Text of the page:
By Brian Paglia
If this had been a year ago, North Clayton coach Doug Henry would not have felt so relieved as he was Thursday to see two mighty clouts from his No. 5 hitter, Justin Smith. That used to be the status quo for Smith. He swung the bat as a sophomore with such ferocity it portended even better things this season.
But Smith didn't progress this season as expected. His production didn't relapse, but it didn't ignite the way Henry anticipated. He hoped for more performances like Thursday's when Smith launched a three-run home run and grand slam in North Clayton's 14-4 five-inning, mercy-rule victory over Mt. Zion in a Region 4-AAAA game.
"He's been lacking this year," Henry said, "but that's what I expect out of him. That would be the norm for Justin. He's just now finally starting to come around at the right time, because we're really at a time where we need to win all of our region games. If he hits, that just does a lot more for our batting order."
Indeed, with five region games remaining, including one at 6 p.m. today against Griffin, North Clayton (9-7, 5-5) must extend a two-game winning streak to maintain its grim chances of making the state playoffs. If they hit as they did against the Bulldogs (9-10, 4-7), who knows what is possible.
The Eagles pounded out 12 hits. Most of them came in the third and fourth innings. Most of the damage came from Smith.
Down 2-1 in the bottom of the third, Smith connected on a high fastball from Drexel Copeland. Two batters later, the Eagles hit a two-run home run. North Clayton took a 6-2 lead and never trailed again.
"They swung the bats real well today," Henry said. "That's what I told them we needed to do. They came out here and they did it."
The torrent of hits continued in the fourth, when North Clayton scored eight runs on five hits, including Smith's grand slam, chasing Copeland from the game.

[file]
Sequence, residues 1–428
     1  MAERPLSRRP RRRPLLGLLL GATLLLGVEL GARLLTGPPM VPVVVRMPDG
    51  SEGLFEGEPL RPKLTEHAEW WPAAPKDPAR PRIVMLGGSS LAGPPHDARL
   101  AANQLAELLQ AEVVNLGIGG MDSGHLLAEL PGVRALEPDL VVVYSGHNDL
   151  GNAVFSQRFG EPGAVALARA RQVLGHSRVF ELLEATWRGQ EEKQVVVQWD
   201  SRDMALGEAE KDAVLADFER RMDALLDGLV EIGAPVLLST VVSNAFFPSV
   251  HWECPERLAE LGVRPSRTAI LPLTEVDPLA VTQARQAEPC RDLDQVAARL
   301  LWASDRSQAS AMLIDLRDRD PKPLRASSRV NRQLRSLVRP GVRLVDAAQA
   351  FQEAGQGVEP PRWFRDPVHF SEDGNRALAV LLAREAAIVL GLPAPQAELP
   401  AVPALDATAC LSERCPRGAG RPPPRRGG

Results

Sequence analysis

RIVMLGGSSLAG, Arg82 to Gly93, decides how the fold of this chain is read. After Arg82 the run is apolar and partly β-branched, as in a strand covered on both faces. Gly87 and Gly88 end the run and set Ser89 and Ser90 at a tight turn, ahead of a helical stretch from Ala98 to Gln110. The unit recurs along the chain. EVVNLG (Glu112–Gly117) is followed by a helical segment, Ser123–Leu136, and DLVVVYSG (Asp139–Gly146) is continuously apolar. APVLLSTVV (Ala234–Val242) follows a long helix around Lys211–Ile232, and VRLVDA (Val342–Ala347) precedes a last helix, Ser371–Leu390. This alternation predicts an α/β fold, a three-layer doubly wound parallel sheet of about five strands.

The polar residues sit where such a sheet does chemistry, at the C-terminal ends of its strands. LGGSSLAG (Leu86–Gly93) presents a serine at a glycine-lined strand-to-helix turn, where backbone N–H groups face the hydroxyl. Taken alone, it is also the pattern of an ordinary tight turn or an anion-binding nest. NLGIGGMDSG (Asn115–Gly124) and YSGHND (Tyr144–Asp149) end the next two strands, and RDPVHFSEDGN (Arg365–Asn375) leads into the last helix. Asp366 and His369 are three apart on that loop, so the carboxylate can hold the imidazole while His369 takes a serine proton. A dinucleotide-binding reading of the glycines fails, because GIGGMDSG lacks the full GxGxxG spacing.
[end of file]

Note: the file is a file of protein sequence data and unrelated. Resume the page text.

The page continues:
Copeland couldn't build off a strong first inning, instead struggling with his control as the innings mounted, leaving fastballs up in the zone for the Eagles to feast upon. He was charged with 13 runs in 3 1/3 innings. He walked two and hit three batters, the last of which prompted Mt. Zion coach Art Wilkerson from the dugout to pull him.
"I know he's a battler," Wilkerson said. "I know he's a gamer. I thought he could work himself through it, and I thought he was going to. But you can't walk people."
With the barrage of hits and runs, North Clayton pitcher Devin Alcorn quietly had a fine performance. Perhaps it was just his style, for Alcorn never overpowered the Bulldogs lineup, relying instead on enough guile.
"He's a finesse pitcher," Henry said. "A lot of people get thrown off by left-handers. And lot of people get thrown off by his release point. He's not a pitcher that's going to throw the ball by anybody, and I don't expect that from him. All I ask him to do is throw strikes."
That he did. Though four runners crossed home plate for Mt. Zion, none reached on a hit. Bizarre perhaps, but not unprecedented. Since 1960 in Major League Baseball, eight times the losing team has scored a run during a no-hitter. Twice, the no-hit team won.
Alcorn didn't author a perfect game - he walked three and the Eagles committed five errors - but it was nearly as impressive. It began auspiciously, when after walking Brandon Mapp to start the game, Alcorn struck out three of the next four batters he faced.
By the top of the fifth he was cruising and striking out more. Mapp was his first victim again. Reggie Mitchell was next, Alcorn's seventh and last.
"He just threw strikes, kept us off balance and that's all it takes sometimes," Wilkerson said.
And for North Clayton to get into the playoffs, it will certainly take more pitching like that.
"We're still in the hunt for the playoffs," Henry said. "We have to keep our streak going, we've got to hit the ball big like we did, and if our pitchers throw strikes like they did the last two games, we should be able to beat a lot of teams."